Building Regulations – What You Need to Know
The Building Regulations — created under The— are about how you carry out to your home, whether or not is required. With a few exemptions — most and porches, for example — everything that affects the health and safety of the people living inside the house needs to meet the requirements of the Building Regulations. The Regulations are also concerned with energy conservation and with means of escape in the event of fire, and cover access for the disabled.
Since 1985, the Regulations have given only general requirements. All they have to say on ventilation, for example, is that ‘there shall be adequate means of ventilation provided for people in the building’. How this is interpreted in practice is up to the Building Control Officer concerned. You can choose any method you like for meeting the general requirement, but he is much more likely to be convinced that it meets the Building Regulations if you follow the specific advice contained in the Approved Documents (one for each part of the Regulations) — see below. These give examples of how you prove that the building will comply with the Regulations.
The Regulations may seem restrictive at times, but because the UK has some of the highest standards of controls on building development in the world, you are unlikely to buy a house which is fundamentally dangerous to live in, unless it has been illegally developed or neglected for a significant length of time. In the latter case the symptoms should be obvious — look for faded paint, wornboards, large damp patches on walls or floors, missing tiles and perhaps a scary-looking fuse box from the middle of the last century. In the case of illegal developments, the problems are not always so easy to detect. It could be that you first find out about one when a floor caves in, or you are stuck in a fire in the with no way out.
Note that the majority of Building Regulations are not retrospective, so you can generally replace like with like. This does not apply to things which affect energy use — so replacement windows, for example, have to meet the requirements of the latest Regulations, not the ones that were in force when the windows were first put in.
The 13 ‘Approved Documents’ for the Building Regulations in England and Wales (17 in Scotland) are published by the government, although some have been produced by private organisations.
Your builder must comply with the Building Regulations, and if he does not, this may be taken as evidence that he has not built in a workmanlike manner. Additionally, he may be in breach of an implied legal obligation to use reasonable care and skill or to under-take the work in a workmanlike manner, depending on whether it is a complete new build/conversion or a home improvement. The builder is under an implied duty in law not to complete the work in a way which contravenes the Building Regulations.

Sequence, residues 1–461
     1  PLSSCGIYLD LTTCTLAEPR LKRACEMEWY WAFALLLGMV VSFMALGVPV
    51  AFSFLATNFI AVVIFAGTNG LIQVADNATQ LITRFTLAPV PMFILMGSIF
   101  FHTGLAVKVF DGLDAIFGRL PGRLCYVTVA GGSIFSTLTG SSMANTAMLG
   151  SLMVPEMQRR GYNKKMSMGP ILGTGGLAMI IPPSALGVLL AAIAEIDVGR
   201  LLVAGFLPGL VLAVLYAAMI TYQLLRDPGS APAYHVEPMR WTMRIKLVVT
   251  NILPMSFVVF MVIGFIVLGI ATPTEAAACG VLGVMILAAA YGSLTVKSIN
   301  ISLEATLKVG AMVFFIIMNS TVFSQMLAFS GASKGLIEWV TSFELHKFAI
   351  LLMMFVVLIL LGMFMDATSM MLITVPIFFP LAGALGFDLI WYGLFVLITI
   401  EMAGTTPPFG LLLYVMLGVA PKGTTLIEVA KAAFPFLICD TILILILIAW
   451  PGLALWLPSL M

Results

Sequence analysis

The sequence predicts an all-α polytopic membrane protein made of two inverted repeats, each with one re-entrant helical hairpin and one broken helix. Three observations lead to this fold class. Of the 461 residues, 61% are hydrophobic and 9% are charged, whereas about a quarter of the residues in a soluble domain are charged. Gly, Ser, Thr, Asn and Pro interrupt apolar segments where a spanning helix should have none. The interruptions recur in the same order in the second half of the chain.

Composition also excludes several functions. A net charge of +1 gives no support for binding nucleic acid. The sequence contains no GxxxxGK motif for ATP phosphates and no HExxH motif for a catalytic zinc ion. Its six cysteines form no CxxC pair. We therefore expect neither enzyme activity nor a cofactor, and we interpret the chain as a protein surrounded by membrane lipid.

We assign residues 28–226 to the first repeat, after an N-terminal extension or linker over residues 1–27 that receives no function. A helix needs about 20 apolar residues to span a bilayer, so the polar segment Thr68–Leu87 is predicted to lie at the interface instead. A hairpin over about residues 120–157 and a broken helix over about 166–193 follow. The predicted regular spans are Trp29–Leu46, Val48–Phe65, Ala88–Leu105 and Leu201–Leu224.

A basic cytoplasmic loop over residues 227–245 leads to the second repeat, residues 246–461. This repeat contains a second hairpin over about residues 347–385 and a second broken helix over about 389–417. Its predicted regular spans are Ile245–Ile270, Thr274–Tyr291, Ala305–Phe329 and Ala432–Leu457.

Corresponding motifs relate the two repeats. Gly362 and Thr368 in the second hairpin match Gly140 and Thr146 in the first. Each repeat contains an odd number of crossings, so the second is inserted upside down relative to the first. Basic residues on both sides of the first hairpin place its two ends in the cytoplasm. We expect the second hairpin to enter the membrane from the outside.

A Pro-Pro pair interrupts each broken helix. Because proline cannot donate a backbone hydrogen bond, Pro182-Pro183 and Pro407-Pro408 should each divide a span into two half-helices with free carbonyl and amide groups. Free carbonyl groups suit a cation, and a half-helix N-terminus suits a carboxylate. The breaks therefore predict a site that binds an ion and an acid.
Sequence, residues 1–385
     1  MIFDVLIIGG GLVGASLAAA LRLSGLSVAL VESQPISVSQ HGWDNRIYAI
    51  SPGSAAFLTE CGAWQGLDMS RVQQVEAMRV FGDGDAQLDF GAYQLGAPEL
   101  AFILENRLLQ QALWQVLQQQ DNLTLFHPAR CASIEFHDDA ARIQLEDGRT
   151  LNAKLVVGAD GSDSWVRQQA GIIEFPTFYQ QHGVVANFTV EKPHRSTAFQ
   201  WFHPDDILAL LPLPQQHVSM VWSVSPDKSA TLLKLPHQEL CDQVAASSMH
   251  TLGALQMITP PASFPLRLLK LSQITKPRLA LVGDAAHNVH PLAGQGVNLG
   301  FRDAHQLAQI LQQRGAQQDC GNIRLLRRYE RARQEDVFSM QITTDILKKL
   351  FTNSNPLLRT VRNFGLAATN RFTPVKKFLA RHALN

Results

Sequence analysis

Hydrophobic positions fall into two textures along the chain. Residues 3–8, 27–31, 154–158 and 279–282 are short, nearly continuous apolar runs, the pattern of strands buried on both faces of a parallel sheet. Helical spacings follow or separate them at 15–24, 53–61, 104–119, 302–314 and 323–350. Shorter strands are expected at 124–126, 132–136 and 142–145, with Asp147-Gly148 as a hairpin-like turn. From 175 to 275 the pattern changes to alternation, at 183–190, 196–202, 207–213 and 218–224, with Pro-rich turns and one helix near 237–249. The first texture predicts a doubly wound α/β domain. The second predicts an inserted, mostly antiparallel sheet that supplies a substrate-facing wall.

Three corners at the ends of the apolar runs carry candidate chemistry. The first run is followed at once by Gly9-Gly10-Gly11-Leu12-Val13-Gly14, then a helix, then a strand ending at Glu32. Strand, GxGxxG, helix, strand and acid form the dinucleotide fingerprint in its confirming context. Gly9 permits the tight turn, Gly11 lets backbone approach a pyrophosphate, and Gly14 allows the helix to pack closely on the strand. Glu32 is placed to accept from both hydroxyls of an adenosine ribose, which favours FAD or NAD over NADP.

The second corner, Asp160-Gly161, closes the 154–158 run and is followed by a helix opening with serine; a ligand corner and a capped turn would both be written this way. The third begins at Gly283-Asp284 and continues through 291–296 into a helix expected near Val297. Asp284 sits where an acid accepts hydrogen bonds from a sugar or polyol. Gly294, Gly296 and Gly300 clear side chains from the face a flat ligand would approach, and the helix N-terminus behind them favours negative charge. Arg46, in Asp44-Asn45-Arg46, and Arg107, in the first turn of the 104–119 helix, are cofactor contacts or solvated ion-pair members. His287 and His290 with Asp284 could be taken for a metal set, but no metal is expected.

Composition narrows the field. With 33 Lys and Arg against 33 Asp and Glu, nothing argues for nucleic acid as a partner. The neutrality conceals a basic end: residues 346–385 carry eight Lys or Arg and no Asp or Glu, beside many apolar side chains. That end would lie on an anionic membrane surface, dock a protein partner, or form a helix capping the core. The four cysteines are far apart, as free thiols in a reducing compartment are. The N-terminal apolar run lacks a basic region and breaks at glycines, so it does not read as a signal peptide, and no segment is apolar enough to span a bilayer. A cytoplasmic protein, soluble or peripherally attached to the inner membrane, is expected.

Building Regulations are enforced by your local authority’s Building Regulations Department, sometimes called the Building Control Department, and generally known in the trade as Building Control. Building Control sounds more Orwellian, which is appropriate because as well as calling in at critical stages such as foundation laying, steel supports being concealed and, always, the drains going in, Building Control may also visit the site unannounced to inspect safety standards. In some areas, Building Control Officers are known as Building Inspectors, but they do the same job.
allows for building control to be exercised by an independent Approved Inspector, but the vast majority of work is still handled by local authority Building Control Officers.
Applying for Building Regulations approval
In England and Wales there are two ways to apply for the approval of Building Control:
- you give the council a Building Notice with a relatively rudimentary drawing and outline of the works. No formal approval is given, though more information may later be requested
- you submit your full plans for inspection and receive written confirmation of the council’s decision.
Although the full plans route takes longer, this method is preferable, because any requested alterations are definitely best dealt with at this stage. The full plans method also has the advantage of ensuring that Building Control feel fully informed, and so might be inclined to make fewer site visits. You also have the reassurance of approval in writing — always useful when you come to sell the house.
Whichever route you follow — Building Notice or full plans —you can start work two clear days after depositing your application and giving a ‘commencement notice’. You will need to notify the council as you reach certain stages in the work.
How far you can develop your house
Your permitted development rights are:
- for most houses, 15 per cent of the volume (up to a maximum of 115 cu m) or 70 cu m (whichever is greater)
- for terraced houses and those in Conservation Areas or areas of Outstanding Natural Beauty, National Parks, the Norfolk or Suffolk Broads a lower limit applies —10 per cent of the volume (up to a maximum of 115 cu m) or 50 cu m (whichever is greater).
Volume is measured externally and calculated against the size of the house when it was first built, or as it stood on 1 July 1948, if it was built before then. These are ‘once-and-for-all’ allowances, so it could easily be that your house’s allowance has already been used up. Your local authority should have details of the original size of the building.
In Scotland, a building warrant from Building Control is required. This is similar to the ‘full plans’ route in England and Wales.